We had a dark grey cat (Norfolk bred, very Norfolk in character) called Tom. He was reserved, domineering, voluptuous — much as I imagine Tiber to be. When he was middle-aged he gave up nocturnal prowlings and slept on my bed, against my feet. One evening I was reading in bed when I became aware that Tom was staring at me. I put down my book, said nothing, watched. Slowly, with a look of intense concentration, he got up and advanced on me, like Tarquin with ravishing strides, poised himself, put out a front paw, and stroked my cheek as I used to stroke his chops. A human caress from a cat. I felt very meagre and ill-educated that I could not purr. It had never occurred to me that their furry love develops from what was shown them as kittens.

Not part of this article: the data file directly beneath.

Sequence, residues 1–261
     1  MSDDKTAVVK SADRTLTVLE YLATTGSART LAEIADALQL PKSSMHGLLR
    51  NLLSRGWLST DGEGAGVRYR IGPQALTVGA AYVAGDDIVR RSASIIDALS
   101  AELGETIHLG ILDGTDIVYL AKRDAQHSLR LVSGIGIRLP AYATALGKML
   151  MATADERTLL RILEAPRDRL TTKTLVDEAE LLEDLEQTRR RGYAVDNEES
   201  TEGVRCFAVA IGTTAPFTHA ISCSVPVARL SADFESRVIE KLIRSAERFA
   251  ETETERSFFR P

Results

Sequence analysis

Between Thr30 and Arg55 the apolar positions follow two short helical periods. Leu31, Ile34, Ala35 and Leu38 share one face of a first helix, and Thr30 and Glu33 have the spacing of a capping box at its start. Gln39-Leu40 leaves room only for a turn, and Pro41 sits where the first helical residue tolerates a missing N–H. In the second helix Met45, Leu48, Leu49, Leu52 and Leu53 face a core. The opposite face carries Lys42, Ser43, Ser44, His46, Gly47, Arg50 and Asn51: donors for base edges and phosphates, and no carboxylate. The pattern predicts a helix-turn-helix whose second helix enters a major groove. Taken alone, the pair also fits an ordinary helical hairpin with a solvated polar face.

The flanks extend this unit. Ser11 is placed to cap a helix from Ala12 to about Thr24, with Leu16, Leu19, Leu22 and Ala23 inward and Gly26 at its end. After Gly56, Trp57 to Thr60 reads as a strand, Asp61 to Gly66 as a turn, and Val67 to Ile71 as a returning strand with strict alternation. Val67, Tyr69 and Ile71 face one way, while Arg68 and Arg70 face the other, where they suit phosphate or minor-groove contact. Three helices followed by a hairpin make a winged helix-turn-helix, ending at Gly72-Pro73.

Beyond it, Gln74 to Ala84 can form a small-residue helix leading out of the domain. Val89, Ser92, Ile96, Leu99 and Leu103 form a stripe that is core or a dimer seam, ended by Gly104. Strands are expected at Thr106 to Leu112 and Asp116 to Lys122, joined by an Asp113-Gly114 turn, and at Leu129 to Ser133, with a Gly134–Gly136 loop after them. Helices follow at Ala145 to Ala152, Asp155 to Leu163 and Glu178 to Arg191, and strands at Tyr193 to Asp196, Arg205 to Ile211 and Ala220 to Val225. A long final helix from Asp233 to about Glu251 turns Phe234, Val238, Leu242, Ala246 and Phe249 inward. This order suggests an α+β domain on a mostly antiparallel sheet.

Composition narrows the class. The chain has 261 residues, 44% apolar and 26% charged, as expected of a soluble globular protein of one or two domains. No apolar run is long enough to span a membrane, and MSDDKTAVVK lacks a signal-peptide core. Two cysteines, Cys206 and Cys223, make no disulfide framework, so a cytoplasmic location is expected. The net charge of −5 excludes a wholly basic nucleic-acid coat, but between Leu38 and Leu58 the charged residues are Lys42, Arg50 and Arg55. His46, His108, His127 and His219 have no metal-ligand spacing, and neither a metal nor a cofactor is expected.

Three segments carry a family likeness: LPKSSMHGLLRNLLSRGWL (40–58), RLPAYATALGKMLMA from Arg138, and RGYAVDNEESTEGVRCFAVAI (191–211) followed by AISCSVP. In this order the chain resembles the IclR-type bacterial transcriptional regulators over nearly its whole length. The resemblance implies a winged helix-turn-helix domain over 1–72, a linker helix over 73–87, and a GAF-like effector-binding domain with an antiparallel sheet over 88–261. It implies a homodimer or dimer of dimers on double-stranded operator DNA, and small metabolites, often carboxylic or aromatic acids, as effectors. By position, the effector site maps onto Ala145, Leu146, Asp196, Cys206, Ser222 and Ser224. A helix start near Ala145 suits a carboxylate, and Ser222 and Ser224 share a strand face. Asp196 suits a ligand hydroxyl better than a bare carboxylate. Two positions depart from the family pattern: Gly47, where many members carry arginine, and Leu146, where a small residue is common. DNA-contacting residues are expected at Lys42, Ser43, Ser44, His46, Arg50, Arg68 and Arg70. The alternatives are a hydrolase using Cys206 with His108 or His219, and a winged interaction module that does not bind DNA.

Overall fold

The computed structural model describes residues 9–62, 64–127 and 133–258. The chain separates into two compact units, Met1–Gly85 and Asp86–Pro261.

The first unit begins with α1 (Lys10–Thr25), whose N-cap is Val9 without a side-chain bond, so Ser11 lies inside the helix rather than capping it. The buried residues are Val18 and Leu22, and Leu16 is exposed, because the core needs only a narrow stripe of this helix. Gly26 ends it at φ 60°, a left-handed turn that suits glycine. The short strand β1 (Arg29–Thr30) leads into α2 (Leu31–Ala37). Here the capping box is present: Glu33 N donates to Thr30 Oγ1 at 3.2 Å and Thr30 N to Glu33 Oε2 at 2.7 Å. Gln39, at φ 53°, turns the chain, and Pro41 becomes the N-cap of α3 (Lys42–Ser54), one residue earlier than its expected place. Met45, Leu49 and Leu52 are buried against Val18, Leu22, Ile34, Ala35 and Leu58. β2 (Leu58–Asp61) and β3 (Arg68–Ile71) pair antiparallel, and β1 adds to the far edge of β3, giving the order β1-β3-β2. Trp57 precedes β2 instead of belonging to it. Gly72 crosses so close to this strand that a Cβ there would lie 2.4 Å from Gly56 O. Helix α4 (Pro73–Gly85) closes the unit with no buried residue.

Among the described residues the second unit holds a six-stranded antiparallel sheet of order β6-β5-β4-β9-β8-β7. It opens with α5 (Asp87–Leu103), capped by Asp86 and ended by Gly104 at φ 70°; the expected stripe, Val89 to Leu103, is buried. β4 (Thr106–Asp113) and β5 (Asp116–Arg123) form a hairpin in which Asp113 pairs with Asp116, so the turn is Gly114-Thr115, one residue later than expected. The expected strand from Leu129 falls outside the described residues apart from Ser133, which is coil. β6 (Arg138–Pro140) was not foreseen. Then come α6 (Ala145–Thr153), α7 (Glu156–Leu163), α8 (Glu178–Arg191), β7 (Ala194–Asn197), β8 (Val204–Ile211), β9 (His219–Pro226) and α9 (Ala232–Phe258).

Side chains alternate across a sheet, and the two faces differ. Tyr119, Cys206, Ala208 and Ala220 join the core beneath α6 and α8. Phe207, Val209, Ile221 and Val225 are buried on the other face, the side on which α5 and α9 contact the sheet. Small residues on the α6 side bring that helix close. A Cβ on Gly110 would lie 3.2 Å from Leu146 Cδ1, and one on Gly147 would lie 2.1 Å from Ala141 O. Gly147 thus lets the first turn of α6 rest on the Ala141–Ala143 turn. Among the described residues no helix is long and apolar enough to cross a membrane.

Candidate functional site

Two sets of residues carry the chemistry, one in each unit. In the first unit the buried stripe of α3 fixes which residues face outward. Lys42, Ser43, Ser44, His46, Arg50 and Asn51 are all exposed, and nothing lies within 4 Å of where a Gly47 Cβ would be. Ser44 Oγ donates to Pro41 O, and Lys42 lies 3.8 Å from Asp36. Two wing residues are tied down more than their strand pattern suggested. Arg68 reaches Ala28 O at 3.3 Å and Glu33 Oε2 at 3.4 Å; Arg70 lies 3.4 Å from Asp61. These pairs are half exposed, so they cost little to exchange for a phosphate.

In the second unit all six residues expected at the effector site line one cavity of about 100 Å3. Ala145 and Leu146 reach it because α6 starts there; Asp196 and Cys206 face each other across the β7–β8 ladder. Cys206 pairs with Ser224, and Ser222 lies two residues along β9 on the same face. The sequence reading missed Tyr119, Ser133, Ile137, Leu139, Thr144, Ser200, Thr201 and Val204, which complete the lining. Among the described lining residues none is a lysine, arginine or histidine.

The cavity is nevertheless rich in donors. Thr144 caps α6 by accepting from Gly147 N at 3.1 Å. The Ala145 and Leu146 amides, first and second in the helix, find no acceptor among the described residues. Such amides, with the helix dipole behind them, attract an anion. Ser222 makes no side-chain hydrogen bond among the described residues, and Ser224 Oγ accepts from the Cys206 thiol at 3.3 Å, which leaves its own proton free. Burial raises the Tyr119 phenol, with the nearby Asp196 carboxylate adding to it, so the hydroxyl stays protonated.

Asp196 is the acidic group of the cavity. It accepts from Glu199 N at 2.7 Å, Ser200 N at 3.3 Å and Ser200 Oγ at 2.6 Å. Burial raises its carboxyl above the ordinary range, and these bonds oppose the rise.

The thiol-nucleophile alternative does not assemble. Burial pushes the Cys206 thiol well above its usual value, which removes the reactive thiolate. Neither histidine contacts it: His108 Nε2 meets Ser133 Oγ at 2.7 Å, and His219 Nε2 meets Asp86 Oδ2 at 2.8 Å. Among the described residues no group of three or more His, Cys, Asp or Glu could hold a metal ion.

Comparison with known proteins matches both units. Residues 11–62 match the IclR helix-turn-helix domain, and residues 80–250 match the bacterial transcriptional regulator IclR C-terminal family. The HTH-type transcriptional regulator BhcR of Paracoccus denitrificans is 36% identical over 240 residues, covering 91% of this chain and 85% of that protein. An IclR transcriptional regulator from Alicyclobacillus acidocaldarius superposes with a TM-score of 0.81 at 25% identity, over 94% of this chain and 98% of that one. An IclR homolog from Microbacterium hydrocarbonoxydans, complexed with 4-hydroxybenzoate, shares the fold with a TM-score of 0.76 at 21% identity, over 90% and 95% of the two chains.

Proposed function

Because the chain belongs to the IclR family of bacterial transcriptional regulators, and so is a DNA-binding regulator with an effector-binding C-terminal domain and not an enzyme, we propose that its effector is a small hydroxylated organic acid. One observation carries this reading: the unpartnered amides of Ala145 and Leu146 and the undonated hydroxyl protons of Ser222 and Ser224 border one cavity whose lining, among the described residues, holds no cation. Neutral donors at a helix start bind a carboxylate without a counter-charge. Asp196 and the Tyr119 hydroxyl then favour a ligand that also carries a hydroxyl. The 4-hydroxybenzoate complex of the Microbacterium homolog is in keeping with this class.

— Sylvia Townsend Warner, letter to David Garnett, June 18, 1973, quoted in The Oxford Book of Friendship